October was first recognized worldwide as Health Literacy Month in 1999 when Helen Osborne established the observance to help increase access to health care information. The Institute for Healthcare Advancement (IHA) is now the organization in charge, but the mission hasn’t changed.
Health literacy is a broad topic, but I like to sum it up in one sentence – making health care easy to understand for all. Have you ever watched “Grey’s Anatomy” and had to look up half the words the doctor characters use? Have you ever left a doctor’s office and had to do the same thing? Either way, whether you’re watching a TV show for fun or needing to learn more about your health, you shouldn’t need to use a dictionary to understand what you just heard. This is the principle I apply to my work as a senior marketing coordinator for Colorado Access.
When I started working here in 2019, I had never heard of the term “health literacy.” I always prided myself on being able to decipher “doctor-speak” at my health care appointments or in letters from my health insurance company, and on my knowledge that “contusion” is just a fancy word for a bruise, but I had never really thought about what that meant until I started writing member communications for Colorado Access. If you’re a member, and you’ve gotten a letter or newsletter in the mail from us or have been on some of our webpages recently, I probably wrote it.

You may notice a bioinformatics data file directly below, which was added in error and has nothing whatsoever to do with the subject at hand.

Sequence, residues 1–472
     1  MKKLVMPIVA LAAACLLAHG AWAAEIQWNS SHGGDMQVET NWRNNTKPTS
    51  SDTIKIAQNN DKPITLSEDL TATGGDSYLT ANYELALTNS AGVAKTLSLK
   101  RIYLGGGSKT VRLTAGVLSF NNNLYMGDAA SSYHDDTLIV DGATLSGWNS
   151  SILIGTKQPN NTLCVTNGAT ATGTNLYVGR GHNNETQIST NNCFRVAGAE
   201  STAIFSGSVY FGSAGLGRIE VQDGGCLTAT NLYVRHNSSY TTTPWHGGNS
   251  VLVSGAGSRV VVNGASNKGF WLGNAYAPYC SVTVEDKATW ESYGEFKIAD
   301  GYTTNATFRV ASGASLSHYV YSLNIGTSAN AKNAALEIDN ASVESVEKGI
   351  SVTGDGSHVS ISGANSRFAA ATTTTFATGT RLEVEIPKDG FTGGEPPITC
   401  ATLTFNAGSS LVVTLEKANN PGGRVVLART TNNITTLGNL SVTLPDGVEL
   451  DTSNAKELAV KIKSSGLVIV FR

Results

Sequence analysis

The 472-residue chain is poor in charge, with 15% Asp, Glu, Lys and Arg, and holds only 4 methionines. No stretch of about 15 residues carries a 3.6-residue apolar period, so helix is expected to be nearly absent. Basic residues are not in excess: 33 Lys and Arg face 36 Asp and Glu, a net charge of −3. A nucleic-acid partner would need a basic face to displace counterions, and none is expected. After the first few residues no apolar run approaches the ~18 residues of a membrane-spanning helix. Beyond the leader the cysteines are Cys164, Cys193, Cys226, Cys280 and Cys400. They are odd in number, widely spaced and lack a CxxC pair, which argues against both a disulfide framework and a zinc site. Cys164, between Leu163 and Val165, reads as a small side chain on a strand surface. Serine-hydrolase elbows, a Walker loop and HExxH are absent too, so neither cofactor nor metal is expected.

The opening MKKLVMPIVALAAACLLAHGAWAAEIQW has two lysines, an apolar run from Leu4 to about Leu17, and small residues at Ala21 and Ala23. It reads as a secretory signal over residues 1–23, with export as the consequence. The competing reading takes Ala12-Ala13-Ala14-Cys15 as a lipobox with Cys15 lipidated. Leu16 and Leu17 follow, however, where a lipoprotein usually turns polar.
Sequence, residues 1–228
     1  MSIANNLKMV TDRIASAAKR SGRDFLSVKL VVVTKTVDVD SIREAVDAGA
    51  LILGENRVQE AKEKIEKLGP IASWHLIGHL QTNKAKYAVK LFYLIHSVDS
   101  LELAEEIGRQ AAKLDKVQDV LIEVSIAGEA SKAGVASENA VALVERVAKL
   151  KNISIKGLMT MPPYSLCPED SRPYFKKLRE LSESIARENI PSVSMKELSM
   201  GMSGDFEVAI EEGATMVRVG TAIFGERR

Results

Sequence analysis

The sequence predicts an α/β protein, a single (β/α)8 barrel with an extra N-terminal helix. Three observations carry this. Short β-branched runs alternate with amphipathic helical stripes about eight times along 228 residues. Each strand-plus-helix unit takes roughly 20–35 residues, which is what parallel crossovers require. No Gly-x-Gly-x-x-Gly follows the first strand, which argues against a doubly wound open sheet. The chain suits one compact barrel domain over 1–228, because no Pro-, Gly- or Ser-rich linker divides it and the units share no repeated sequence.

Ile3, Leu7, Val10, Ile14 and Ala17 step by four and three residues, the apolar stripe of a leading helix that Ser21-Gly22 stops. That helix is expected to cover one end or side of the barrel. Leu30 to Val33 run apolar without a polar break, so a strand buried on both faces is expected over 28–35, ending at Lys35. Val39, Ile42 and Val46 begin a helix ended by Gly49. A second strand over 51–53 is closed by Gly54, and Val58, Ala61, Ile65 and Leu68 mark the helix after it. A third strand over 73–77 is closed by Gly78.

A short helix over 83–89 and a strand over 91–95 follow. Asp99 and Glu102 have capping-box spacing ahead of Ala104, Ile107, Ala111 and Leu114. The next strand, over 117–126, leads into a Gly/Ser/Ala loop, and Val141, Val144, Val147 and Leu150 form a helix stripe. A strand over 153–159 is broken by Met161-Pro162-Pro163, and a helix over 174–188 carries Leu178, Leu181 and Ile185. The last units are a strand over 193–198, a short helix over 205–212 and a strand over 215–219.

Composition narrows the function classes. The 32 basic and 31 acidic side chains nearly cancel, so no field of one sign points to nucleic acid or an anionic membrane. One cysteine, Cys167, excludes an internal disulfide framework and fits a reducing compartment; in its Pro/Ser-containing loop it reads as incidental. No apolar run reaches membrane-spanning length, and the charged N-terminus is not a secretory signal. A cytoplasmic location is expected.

Our policy is that all member communications, whether it’s an email, a letter, a newsletter, a flyer, a webpage, or anything else, must be written at or below a sixth-grade literacy level, and with plain language techniques. This is to make sure that everything we send to members is as easy to understand as possible. Sometimes, following this policy makes me objectively look like an inexperienced writer, because the very nature of writing at or below a sixth-grade literacy level means using shorter, choppier sentences and less complex words than I typically would. For example, this blog post is at a tenth-grade literacy level!
Although health literacy is a relatively new part of my life, it’s now an important part. I’m a copyeditor, so I am constantly editing anything I read for spelling, grammar, context, and clarity, but now I also edit with a literacy lens.
Here are some things I think about:
- What do I want the reader to know?
- Does my writing clearly explain that?
- If not, how can I make it more clear?
- Is the piece easy to read?
- Can I add things like headings or bullet points to make it even easier to read?
- Can I break up any long paragraphs to make it even easier to read?
- Do I use any confusing and/or uncommon words?
- If so, can I substitute them with any less confusing and/or more common words?
- Did I use a friendly tone with personal pronouns (“you,” “we”)?
Do you want to learn more about health literacy? Start with these links: